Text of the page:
On the same street earlier in the day, people cheered and clapped and stretched on tiptoes along the route of the National Cherry Blossom Festival Parade, holding phones over the crowd to snap photos of motorcycles rumbling along Constitution Avenue. Toddlers on parents’ shoulders pointed as white, brown and black horses clip-clopped by.
It was a most Washington sort of day, full of sunshine and cherry blossoms and costumes and music, the streets teeming with people celebrating, protesting and enjoying the spectacles. By midafternoon, the clamor of snare drums on Pennsylvania Avenue signaled another march, this one honoring the emancipation of slaves in Washington. A woman wearing a “Black by popular demand” shirt watched cheerleaders shaking pompoms, and a man held a sign demanding, “STATEHOOD NOW!!”
People waved from a float, and three people held ropes as a giant balloon with a portrait of Frederick Douglass bobbed in the wind. Another balloon had a somber black-and-white portrait of the Rev. Martin Luther King Jr. A giant image of Rosa Parks followed, then one of Marion Barry Jr. — “Mayor for Life.” Dancers twirled in black fringed skirts and hot-pink sequins.
Bubbles floated on the wind as almost-4-year-old Mila Conley pumped her bubble maker. Her mother, Melinda Conley, had come with her daughter and parents from Germantown to watch the Cherry Blossom parade, and stayed to see this one, too.
With so many events in such a small space, they all melded together a bit, with scientists watching parades, and tourists happening upon scholarly discussions about fossils.
Binyam Darge came with his wife and mother from Maryland to see the Cherry Blossom parade and stumbled upon the Emancipation Day march. “I thought today was the March for Science?” he asked.
Others were a little confused by all the events, too, but happy to find a shady spot to sit and let it all unfold, like Dionne Singh, a District resident from Guyana.
Deborah Rosell, who lives in the Edgewood neighborhood of Washington, watched from a folding chair with friends. Her grandsons were in the emancipation parade with their baseball team.
She said she had only recently learned that slaves were freed in the District before they were emancipated nationally. “I was surprised to learn that.”
Four generations of Rosell’s family before her grew up in Washington, and she remembers watching parades from the steps of the National Archives as a child.
Earlier in the day, Amy Gonzalez, a scientist, had come for the March for Science. “I want to make sure that science is recognized publicly in this country,” she said, “and for my children to recognize that, as well.”
Her son Tomas Gonzalez, who’s 8, showed the signs he had drawn. They had been printed with the prompt, “I fight climate change for,” and he wrote in “animals” on one, and “the sea” on another, drawing a whale and jellyfish on it. His father, Francisco Gonzalez, asked him, “The oceans become more acidic with more CO2 in the atmosphere — what does that do to the animals?”
“Kills,” Tomas answered, then pointed with a shout — an enormous float was bobbing past in the Cherry Blossom parade.
Teenagers whizzed by on unicycles, waving to the crowd. A band rattled and thundered past, silver tubas shining in the sun. People slapped hands with performing skateboarders. More than 30 people stood in line for ice cream cones.
A woman climbed onto a wooden barricade to snap photos of people tottering by on stilts.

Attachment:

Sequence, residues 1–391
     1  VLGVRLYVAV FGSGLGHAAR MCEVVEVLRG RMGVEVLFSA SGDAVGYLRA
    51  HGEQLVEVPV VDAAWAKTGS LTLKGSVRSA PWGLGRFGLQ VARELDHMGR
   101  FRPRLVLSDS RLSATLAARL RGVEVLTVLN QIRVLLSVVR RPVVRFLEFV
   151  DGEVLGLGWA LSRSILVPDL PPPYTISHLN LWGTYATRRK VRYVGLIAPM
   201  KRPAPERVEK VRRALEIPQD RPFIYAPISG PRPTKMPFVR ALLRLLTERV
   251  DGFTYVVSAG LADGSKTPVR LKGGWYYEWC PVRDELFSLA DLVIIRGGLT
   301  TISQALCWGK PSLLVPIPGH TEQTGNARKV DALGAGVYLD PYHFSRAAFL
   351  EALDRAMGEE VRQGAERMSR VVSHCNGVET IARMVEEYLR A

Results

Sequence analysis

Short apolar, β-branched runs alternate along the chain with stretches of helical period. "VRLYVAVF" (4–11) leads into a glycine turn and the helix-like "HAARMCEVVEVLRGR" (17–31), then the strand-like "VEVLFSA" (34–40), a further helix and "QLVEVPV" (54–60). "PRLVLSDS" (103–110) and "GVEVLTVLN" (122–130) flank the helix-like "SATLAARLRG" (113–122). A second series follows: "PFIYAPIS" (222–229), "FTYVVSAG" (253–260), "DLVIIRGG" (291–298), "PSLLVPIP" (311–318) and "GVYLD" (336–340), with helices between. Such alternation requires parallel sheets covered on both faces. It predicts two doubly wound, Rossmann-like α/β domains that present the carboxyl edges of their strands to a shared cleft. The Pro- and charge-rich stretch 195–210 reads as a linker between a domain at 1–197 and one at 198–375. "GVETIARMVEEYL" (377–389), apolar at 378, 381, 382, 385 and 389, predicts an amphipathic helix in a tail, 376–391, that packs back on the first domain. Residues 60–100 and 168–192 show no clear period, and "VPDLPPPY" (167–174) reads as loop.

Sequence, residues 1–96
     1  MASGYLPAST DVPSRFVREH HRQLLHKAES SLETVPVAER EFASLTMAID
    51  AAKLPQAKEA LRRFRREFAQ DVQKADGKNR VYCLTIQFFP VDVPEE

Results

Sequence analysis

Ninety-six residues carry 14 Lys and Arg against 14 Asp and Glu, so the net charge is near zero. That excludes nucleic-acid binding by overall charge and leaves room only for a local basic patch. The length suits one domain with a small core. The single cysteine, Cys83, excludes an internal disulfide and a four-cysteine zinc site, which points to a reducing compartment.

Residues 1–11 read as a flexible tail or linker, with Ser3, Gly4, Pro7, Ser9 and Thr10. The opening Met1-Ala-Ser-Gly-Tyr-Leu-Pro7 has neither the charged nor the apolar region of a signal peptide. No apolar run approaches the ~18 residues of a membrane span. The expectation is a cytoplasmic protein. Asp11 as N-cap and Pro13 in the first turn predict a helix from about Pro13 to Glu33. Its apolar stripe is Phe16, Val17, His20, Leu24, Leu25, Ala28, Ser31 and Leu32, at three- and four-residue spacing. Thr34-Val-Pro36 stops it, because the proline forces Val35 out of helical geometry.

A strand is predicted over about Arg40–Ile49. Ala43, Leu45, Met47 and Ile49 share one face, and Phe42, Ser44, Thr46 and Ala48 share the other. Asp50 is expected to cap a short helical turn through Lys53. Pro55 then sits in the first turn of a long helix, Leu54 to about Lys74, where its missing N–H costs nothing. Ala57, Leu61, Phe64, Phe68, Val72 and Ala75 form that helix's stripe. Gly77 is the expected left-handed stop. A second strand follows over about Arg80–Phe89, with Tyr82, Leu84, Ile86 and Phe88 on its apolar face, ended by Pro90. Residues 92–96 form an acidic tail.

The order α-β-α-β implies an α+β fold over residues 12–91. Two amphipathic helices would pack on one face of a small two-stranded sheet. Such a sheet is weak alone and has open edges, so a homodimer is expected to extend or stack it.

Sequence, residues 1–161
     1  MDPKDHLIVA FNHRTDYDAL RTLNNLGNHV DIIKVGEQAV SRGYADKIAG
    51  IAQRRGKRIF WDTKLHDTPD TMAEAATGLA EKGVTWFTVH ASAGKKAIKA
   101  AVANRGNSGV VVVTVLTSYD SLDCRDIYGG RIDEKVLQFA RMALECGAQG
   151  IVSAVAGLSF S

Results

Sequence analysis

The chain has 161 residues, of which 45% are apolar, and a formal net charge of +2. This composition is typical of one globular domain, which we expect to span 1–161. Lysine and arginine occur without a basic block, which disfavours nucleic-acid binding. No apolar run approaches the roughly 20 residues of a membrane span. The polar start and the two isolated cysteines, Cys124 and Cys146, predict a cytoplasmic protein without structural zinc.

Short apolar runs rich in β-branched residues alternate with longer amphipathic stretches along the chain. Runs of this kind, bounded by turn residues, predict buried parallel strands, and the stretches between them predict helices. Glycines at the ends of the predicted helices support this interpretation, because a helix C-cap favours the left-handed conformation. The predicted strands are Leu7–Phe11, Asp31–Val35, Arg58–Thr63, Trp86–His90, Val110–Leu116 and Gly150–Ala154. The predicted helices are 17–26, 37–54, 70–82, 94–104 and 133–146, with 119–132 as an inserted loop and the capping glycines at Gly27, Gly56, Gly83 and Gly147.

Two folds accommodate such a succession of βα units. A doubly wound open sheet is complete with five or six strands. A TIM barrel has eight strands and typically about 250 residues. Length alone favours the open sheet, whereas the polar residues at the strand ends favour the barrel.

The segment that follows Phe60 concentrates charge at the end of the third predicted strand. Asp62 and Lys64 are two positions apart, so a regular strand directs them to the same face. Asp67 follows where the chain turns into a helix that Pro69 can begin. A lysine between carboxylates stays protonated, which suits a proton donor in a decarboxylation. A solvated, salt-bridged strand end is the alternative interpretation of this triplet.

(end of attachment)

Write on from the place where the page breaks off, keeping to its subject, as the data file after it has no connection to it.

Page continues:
Behind her, Chloe Ngo took photos of her daughter under the cherry blossoms, the shutter of her camera clicking steadily as 5-year-old Celine Ngo smiled in a red kimono.
A woman walked by with a sign with an arrow pointing toward a drawing of the Earth and the words “I’m with her.”
June Song, a scientist, sat in the grass with her 5-year-old daughter, Mila Song, who was squeezing the last drops of chocolate milk from her box.
“The deniers — it’s hard to understand where they’re coming from,” she said, and why they don’t believe the data about climate change. Scientists are so skeptical and spend so long on research before drawing any conclusion, she said.
Mila had drawn the Earth on a pink sign, and written: “Do not throw trash in the ground and do not kill animals and do not kill people and do not kill chickens and don’t eat them. Do not ruin our Earth it’s everybody’s home!! Respect mother nature.”
People crowded under cherry trees, seeking patches of shade, with signs: “Positively charged and ready to react,” “E.O. Wilson for president,” and “I march because science saves soldiers’ lives” (alongside: “I march because science makes beer better.”)
They wore science-themed shirts: “Science is not a conspiracy,” and, “Forget princess — I want to be an astrophysicist,” “Stand back — I’m going to try Science,” and some with smiling cartoon test tubes and beakers. They cheered when a singer said you need chemistry to flirt.
Mary Woolley of ResearchAmerica, a nonprofit promoting research, said that while a majority of Americans when surveyed indicate support for science, only 16 percent can name a living scientist, and only one-third can name a place where medical and health research is done. Events like this — and continued engagement by scientists after it’s over — are needed to remind the public and policymakers of how essential it is to fund and support science, she said.
Part of the March for Science’s evolution over the past year has included transforming into a nonprofit with a broader mission: to support science and research policy through campaigns, outreach and marches.
And so they marched, with their signs riffing on the periodic table of elements, their beaker T-shirts and one inflatable T-Rex costume, past the cherry trees. Just to the north in the heart of Washington, the Emancipation Day parade had ended. Both performers and onlookers — and surely some scientists — crowded in close for an outside concert, smiling and dancing with their arms in the air.